Dec 2018
2,275
1,575
Wisconsin
#3
Live Science



Well this is interesting that they determined the loudest sound possible in water. I wonder if any one can think of any real world applications for this?
Fascinating. It's difficult to see something on a microscopic level and anticipate how it can be applied on a macro level. My initial thought went straight to Batman Begins, where a the antagonist used a weapon originally designed by the military to vaporize the enemies water supply in times of war. I'm sure this can't be applied the same way, but who knows.
 
Mar 2019
2,574
576
Texas
#4
The above article mentions the pistol shrimp - 210 decibels. Pretty impressive for nature in such a small package...
But the greatest real-life gunslingers have to be the pistol shrimp, aka the snapping shrimp, hundreds of species with an enormous claw they use to fire bullets of bubbles at foes, knocking them out cold or even killing them. The resulting sound is an incredible 210 decibels, far louder than an actual gunshot, which averages around 150.​
Absurd Creature of the Week: The Feisty Shrimp That Kills With Bullets Made of Bubbles



Good question!
It could be used to advance hydrogen fuel cells.
 
Likes: foundit66
Sep 2015
14,272
5,082
Brown Township, Ohio
#6
Live Science



Well this is interesting that they determined the loudest sound possible in water. I wonder if any one can think of any real world applications for this?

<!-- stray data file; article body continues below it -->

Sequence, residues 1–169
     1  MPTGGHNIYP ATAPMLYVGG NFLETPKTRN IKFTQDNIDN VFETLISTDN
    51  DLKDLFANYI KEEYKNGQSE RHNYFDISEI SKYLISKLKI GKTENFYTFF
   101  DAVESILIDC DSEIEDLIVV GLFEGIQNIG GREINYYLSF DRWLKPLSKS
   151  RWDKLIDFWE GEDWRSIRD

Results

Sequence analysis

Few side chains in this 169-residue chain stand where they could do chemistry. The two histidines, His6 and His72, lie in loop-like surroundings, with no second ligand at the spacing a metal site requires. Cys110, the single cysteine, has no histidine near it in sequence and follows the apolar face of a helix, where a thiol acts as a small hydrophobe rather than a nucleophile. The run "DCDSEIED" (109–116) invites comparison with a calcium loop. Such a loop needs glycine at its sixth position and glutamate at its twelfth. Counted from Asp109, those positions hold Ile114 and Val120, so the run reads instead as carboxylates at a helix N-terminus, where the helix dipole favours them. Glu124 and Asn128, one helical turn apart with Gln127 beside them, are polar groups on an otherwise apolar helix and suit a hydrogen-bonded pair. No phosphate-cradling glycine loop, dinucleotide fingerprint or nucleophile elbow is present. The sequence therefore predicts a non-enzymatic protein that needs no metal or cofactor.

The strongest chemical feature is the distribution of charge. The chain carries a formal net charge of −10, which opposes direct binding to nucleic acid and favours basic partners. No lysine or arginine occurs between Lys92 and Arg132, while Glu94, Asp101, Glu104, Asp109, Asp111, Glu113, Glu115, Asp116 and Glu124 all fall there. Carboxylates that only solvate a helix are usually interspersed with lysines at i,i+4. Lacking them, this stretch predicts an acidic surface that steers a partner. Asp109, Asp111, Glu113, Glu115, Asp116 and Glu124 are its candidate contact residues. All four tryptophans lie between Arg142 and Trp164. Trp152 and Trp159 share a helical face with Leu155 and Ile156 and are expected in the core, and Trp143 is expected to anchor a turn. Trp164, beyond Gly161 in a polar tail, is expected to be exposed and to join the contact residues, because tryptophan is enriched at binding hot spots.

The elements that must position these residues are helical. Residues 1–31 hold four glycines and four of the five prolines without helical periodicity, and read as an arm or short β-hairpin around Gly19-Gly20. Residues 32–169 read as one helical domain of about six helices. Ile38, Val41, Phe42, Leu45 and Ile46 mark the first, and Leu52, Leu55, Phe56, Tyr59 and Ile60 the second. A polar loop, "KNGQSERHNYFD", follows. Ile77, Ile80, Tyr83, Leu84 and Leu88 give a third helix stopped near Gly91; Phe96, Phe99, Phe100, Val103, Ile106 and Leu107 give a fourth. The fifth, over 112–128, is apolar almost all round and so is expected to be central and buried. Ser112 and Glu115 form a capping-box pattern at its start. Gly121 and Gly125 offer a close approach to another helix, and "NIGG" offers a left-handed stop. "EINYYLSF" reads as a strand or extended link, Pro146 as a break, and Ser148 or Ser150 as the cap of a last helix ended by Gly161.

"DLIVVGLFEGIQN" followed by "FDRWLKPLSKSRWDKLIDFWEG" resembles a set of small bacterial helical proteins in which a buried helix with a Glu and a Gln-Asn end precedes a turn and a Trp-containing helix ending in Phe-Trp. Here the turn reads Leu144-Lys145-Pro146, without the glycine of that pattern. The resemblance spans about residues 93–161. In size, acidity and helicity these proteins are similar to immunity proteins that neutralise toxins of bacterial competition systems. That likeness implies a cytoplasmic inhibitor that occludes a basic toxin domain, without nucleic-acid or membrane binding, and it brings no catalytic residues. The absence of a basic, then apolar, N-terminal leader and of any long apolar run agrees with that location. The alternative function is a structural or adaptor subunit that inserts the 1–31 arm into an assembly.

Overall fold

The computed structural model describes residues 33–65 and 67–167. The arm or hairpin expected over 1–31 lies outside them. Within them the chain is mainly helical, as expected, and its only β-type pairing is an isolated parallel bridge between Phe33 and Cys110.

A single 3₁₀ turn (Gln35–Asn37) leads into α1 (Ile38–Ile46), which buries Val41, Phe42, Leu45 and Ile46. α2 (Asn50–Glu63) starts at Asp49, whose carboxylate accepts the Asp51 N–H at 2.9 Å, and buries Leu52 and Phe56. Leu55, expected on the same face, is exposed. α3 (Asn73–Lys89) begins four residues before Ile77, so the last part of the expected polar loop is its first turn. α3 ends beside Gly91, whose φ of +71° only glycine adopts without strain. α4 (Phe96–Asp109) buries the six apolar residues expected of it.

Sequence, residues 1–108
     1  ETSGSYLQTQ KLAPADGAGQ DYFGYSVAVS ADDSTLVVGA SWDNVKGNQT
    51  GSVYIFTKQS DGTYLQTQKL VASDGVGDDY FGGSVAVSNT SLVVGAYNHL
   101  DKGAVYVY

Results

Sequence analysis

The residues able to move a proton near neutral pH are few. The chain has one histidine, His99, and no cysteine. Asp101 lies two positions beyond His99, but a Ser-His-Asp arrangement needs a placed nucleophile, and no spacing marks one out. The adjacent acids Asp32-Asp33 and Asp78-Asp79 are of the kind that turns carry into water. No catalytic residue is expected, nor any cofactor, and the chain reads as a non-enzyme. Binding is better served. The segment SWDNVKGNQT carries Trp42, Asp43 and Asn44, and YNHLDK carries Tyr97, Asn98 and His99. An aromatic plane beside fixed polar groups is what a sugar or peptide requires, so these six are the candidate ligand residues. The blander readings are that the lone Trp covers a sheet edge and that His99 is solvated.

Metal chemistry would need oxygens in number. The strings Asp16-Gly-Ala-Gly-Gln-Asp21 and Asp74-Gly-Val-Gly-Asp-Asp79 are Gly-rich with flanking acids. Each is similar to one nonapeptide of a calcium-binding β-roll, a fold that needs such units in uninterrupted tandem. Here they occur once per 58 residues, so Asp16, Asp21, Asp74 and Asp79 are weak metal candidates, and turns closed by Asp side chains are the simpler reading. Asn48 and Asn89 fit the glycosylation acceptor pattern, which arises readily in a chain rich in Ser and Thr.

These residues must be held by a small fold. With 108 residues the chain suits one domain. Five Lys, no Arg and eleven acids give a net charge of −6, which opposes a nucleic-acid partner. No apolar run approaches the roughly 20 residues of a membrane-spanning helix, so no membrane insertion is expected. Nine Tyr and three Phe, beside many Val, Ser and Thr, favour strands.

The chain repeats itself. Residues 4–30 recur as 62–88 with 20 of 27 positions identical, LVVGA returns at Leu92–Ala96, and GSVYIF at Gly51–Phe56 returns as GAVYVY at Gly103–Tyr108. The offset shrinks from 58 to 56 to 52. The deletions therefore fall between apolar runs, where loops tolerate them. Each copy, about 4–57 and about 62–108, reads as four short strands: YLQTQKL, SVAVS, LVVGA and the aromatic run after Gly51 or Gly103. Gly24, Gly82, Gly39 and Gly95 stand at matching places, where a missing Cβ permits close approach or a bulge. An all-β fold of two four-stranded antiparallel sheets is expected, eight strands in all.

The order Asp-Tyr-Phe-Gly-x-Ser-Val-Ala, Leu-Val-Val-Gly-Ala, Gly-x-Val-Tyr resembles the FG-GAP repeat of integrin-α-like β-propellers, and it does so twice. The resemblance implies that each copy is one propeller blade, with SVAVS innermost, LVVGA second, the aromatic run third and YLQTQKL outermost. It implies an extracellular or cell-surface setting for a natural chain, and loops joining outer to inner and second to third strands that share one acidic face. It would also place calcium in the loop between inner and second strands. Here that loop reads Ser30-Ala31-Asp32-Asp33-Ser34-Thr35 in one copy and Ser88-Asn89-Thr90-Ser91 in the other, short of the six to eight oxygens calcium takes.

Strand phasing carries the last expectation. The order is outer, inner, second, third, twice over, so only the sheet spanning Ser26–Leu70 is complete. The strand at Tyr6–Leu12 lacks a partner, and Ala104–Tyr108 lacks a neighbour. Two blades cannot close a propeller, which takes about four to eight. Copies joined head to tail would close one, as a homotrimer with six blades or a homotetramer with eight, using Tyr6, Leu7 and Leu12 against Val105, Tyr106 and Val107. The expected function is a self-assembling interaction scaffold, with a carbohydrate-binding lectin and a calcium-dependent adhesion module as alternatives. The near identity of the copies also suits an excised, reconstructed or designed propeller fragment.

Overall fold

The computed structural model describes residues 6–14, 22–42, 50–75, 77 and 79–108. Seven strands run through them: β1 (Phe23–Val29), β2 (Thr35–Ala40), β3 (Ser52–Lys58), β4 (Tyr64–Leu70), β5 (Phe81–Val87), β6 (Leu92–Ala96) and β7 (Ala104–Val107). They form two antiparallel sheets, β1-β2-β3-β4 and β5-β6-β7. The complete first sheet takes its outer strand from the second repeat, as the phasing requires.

Drop hand held concussion grenades over the side of the ship which the sound will kill all scuba divers in a range of 100 yards Don't put the SONAR on active because that makes whales beach.
 
Mar 2019
2,574
576
Texas
#7
When experimenting with hho cells i learned that heat turns water into fuel pretty well and i can imagine that adding into the mix sound one may be able to get closer to over unity. Most people would never dare put water in a engine but people do just that in order to get more horse power. After engine is at running temp they have misters hooked up to the cylinders and that allows for more fuel to be produced in the combustion process while reducing the gas intake. If you were to add sound to the water before it is mixed it would likely result in a much easier way to release the bond structure.

The same could be done inside a simple hho cell where water is separated into fuel. Often a mix of water and potassium nitrate or even ethanol is used to release the bonds and adding sound could very well increase efficiency.